The WVU Case
A men’s soccer case involving West Virginia applies because the COI cited it during the Boise State report:
Such a competitive advantage was mentioned earlier in this report in the context of the 2007 West Virginia infractions decision. In that report, the committee wrote that, “… arriving early to campus not only gives prospects a head start on conditioning and practice but it also gives them a head start on acclimating to campus and getting to know teammates.” This competitive advantage warranted additional sanctions as well.
In that West Virginia soccer case from 2007, 12 prospects came to campus early and the coaches arranged for them to stay with current student-athletes for between one and 10 days. Some even played on an outside team coached by the head coach at the time of the case (he was an assistant when the violations occurred). So you have something in between the LSU and BSU cases: multiple prospects involved (but not 60+) and more coach involvement (but not actively trying to get them eligible).
In that case, the Committee on Infractions imposed no scholarship reductions. This despite admonishing WVU in the prelude to the penalties in a similar fashion as Boise State received:
“The committee was particularly concerned that this failure occurred not only in summer 2002 but in summer 2003 as well. This failure occurred despite information provided by the former head coach to the sports supervisor and in supplemental income forms. Further, the committee was concerned that, had compliance staff known of the coaching, it still would have permitted him to do so based on a letter from the USSF and, apparently, without further inquiry. Finally, the committee is troubled by violations resulting from the presence of prospects on campus prior to enrollment. While the university took action in this area, that action was far from complete.”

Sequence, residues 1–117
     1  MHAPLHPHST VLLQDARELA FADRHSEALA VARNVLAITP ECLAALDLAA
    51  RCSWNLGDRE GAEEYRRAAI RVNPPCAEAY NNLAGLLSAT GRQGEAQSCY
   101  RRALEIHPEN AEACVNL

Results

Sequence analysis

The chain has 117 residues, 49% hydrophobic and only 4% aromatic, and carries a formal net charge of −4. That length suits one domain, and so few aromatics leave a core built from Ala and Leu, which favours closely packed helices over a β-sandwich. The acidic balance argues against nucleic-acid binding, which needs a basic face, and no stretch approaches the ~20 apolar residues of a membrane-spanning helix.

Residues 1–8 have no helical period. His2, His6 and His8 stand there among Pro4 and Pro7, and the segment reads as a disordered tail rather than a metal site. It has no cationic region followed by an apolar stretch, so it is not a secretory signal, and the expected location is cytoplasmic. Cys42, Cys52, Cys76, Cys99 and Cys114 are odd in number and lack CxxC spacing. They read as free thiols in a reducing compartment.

The only penalties the Committee on Infractions added in this case were the standard two years of probation and adding one year to a self-imposed one year ban on recruiting international prospects.
Back to Boise State
The fact that Boise State suffered what appears to be a more severe penalty than LSU for a roughly similar violation based on a citation to a case that included no scholarship reduction is what the Infractions Appeals Committee meant when they said:
In this case, there appears to be no qualitative distinction in the record that would warrant the extent of the departure from prior precedent that was undertaken by the Committee on Infractions in this case. Therefore, the reduction by nine of football grants-in-aid is excessive.
So what happens now to the Broncos? First, the case is being reconsidered by the Committee on Infractions; the Infractions Appeals Committee did not simply reduce the penalty. Boise State will probably be asked to submit a written response arguing for what they think the penalty should be and the Committee on Infractions will consider it. It is unlikely that the COI would come up with some reason why the nine scholarship reduction is actually legitimate. So expect the final number to be something like four to six scholarships spread over two or three years.
More importantly, the Infractions Appeals Committee has pushed the Committee on Infractions to explain its decisions more completely. While many want to see a strict penalty structure, better explanations would go almost as far in having more consistent penalties and would still allow for the degree of flexibility that the Committee on Infractions wants (and needs) to craft punishments.